Tumor microenvironment dictates regulatory T cell phenotype: Upregulated immune checkpoints reinforce suppressive function

Hye Ryun Kim, Hyo Jin Park, Jimin Son, Jin Gu Lee, Kyung Young Chung, Nam Hoon Cho, Hyo Sup Shim, Seyeon Park, Gamin Kim, Hong In Yoon, Hyun Gyung Kim, Yong Woo Jung, Byoung Chul Cho, Seong Yong Park, Sun Young Rha, Sang Jun Ha

Research output: Contribution to journalArticlepeer-review

4 Citations (Scopus)

Abstract

Background: Regulatory T (Treg) cells have an immunosuppressive function in cancer, but the underlying mechanism of immunosuppression in the tumor microenvironment (TME) is unclear. Methods: We compared the phenotypes of T cell subsets, including Treg cells, obtained from peripheral blood, malignant effusion, and tumors of 103 cancer patients. Our primary focus was on the expression of immune checkpoint (IC)-molecules, such as programmed death (PD)-1, T-cell immunoglobulin and mucin-domain containing (TIM)-3, T cell Ig and ITIM domain (TIGIT), and cytotoxic T lymphocyte antigen (CTLA)-4, on Treg cells in paired lymphocytes from blood, peritumoral tissue, and tumors of 12 patients with lung cancer. To identify the immunosuppressive mechanisms acting on tumor-infiltrating Treg cells, we conducted immunosuppressive functional assays in a mouse model. Results: CD8+, CD4+ T cells, and Treg cells exhibited a gradual upregulation of IC-molecules the closer they were to the tumor. Interestingly, PD-1 expression was more prominent in Treg cells than in conventional T (Tconv) cells. In lung cancer patients, higher levels of IC-molecules were expressed on Treg cells than on Tconv cells, and Treg cells were also more enriched in the tumor than in the peri-tumor and blood. In a mouse lung cancer model, IC-molecules were also preferentially upregulated on Treg cells, compared to Tconv cells. PD-1 showed the greatest increase on most cell types, especially Treg cells, and this increase occurred gradually over time after the cells entered the TME. PD-1 high-expressing tumor-infiltrating Treg cells displayed potent suppressive activity, which could be partially inhibited with a blocking anti-PD-1 antibody. Conclusions: We demonstrate that the TME confers a suppressive function on Treg cells by upregulating IC-molecule expression. Targeting IC-molecules, including PD-1, on Treg cells may be effective for cancer treatment.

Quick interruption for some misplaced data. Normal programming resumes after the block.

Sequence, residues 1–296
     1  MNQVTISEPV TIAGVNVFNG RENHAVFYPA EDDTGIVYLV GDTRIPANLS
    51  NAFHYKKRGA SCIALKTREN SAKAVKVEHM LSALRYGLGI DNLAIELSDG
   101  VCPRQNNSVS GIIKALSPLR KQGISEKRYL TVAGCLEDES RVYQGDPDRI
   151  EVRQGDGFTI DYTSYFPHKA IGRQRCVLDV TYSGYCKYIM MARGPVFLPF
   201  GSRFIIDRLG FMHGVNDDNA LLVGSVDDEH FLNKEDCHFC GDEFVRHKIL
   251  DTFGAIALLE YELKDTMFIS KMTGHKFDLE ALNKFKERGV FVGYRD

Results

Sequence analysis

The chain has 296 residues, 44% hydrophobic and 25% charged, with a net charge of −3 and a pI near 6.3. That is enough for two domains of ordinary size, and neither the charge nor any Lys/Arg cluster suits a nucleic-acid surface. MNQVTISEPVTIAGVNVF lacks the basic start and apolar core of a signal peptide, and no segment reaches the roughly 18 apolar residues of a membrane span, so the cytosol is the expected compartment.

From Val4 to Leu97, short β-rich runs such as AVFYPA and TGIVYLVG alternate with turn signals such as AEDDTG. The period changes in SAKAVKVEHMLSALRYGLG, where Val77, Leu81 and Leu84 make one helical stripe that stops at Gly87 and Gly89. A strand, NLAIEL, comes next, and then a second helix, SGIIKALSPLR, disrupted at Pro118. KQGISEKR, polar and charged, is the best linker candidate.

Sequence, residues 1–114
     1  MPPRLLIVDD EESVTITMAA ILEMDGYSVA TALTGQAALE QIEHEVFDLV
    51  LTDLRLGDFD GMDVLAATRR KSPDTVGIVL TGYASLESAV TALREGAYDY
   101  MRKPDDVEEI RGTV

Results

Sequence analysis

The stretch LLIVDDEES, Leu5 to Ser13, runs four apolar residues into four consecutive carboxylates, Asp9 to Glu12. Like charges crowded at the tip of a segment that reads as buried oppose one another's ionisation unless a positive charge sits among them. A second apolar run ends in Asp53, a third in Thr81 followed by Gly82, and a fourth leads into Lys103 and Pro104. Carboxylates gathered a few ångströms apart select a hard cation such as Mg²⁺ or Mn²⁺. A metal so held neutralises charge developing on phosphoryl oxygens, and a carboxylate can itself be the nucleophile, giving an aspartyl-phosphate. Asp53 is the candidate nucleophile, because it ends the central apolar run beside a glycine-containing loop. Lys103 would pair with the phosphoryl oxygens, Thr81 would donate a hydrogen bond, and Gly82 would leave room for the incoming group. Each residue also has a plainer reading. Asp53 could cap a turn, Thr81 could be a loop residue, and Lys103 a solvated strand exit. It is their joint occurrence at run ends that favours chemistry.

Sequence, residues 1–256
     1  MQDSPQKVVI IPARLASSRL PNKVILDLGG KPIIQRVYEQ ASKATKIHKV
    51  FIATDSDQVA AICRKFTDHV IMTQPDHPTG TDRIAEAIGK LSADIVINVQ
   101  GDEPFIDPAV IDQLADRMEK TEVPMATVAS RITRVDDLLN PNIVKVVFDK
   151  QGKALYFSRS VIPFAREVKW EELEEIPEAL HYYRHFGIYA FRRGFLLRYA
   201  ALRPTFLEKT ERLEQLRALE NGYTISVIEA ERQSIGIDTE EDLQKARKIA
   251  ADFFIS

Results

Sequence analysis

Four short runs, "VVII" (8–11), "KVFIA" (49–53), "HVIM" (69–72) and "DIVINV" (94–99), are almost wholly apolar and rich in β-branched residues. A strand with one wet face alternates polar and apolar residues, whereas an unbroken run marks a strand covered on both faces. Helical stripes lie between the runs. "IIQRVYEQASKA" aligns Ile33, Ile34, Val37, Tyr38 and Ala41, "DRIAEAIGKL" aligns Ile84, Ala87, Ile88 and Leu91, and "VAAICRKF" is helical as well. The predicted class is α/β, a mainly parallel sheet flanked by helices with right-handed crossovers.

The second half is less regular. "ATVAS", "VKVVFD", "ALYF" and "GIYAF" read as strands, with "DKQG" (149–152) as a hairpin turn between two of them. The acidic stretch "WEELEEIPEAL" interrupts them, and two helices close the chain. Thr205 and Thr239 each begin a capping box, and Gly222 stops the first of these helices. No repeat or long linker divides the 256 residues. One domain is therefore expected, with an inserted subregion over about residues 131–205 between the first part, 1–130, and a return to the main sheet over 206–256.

Original languageEnglish
Article number339
JournalJournal for ImmunoTherapy of Cancer
Volume7
Issue number1
DOIs
Publication statusPublished - 2019 Dec 4

All Science Journal Classification (ASJC) codes

  • Immunology and Allergy
  • Immunology
  • Molecular Medicine
  • Oncology
  • Pharmacology
  • Cancer Research

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